Re: God the interactor (was God the tinkerer)

From: George Murphy <gmurphy@raex.com>
Date: Tue Aug 30 2005 - 20:15:47 EDT

> All you re asking for is a distinction that the biblical authors did not
> make.

Perhaps you didn't note that I posed a broader question than that of a
distinction between 2 types of eternity. "More generally, what is the
biblical
 basis for claims that God cannot enter into time, that God is immutable in
all regards & cannot be affected by anything that happens in the world?"

> The same problem arose in the early church over the orthodox
> creeds. There were intense arguments, with some elements departing
> unconvinced. I believe there are still Nestorians.
>
> There is another matter in that I did not say that God cannot, but that
> the Creator qua Creator IS not in time--which is the point of your Latin
> quotation.

The quotation (it's from Augustine) is to the effect that God's origination
of the world was not in time.

> I see matters as drawing out the consequences of this citation
> It is obvious that the Redeemer entered time, becoming human.

Your term "the Redeemer" is ambiguous here. Are you agreeing that in the
Incarnation the 2d Person of the Trinity became a participant in the time of
our world?

> Note that
> I also was explicit that all time-space is open to the Creator. Nothing
> happens without his concurrence.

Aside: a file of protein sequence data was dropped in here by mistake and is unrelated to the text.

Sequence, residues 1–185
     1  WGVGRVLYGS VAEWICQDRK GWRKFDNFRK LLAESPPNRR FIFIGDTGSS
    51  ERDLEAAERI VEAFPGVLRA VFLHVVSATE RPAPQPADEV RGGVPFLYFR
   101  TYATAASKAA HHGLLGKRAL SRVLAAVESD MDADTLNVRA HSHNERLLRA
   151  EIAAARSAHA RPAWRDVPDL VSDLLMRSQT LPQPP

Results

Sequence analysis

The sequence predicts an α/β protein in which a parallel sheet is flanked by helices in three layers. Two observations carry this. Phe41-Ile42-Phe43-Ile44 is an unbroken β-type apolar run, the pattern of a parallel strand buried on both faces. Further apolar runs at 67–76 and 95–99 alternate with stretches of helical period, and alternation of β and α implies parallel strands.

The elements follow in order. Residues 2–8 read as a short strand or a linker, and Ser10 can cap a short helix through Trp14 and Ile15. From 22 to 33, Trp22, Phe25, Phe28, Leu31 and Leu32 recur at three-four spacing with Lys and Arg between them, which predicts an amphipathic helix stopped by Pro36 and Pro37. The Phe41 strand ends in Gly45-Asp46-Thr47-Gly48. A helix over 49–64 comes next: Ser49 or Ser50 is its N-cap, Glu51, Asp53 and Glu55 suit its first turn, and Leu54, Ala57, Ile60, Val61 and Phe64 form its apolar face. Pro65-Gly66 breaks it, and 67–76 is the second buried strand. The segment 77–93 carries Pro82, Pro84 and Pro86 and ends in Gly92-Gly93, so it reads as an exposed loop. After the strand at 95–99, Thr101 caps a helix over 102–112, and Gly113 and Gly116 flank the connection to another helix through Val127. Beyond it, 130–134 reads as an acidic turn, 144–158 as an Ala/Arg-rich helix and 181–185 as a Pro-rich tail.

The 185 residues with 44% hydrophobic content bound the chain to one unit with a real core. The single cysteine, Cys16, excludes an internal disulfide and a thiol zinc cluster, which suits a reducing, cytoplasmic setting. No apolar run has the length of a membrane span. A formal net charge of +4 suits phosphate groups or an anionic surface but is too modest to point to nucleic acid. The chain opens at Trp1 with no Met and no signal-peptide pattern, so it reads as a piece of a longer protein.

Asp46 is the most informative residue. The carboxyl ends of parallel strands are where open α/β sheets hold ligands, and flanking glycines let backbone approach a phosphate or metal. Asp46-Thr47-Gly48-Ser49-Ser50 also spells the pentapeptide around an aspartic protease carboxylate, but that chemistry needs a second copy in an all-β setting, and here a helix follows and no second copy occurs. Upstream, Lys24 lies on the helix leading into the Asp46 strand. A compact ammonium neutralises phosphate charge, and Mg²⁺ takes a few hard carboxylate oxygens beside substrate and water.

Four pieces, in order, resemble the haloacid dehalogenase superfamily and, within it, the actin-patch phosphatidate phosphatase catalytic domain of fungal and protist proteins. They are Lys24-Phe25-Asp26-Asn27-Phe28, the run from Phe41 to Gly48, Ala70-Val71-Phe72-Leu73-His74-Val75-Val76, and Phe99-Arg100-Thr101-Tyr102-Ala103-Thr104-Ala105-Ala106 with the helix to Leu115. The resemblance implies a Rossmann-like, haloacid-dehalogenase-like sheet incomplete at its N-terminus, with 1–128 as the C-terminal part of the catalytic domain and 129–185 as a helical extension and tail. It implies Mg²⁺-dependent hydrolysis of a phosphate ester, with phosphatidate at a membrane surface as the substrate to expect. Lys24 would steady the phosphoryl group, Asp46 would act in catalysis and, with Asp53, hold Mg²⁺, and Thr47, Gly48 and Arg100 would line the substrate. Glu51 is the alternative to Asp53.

>
> I immediately grant that the concepts involved are not readily stated in
> human lanuguage. We do not have non-temporal terminology. But, if
> /exelexato hemas en auto pro kataboles kosmou/ (Ephesians 1:4) is pushed,
> God is /in tempore/ for there is a before and after to creation. This
> fits a multiverse but hardly a universe.

BTW, in regard to the earlier term "patripassianism" that you used in an
earlier post: What is problematic about the ideas associated with that term
is not 1st of all the idea that the Father could suffer but that it
expressed a variety of modalism in which the Father really could be said to
have been crucified. Tertullian, who provided the classic refutation of
that idea, also wrote (in _The Five Books against Marcion_) that "It is part
of the creed of Christians even to believe that God did die, and yet that he
is alive for evermore."

Shalom
George
http://web.raex.com/~gmurphy/
 
Received on Tue Aug 30 20:17:40 2005

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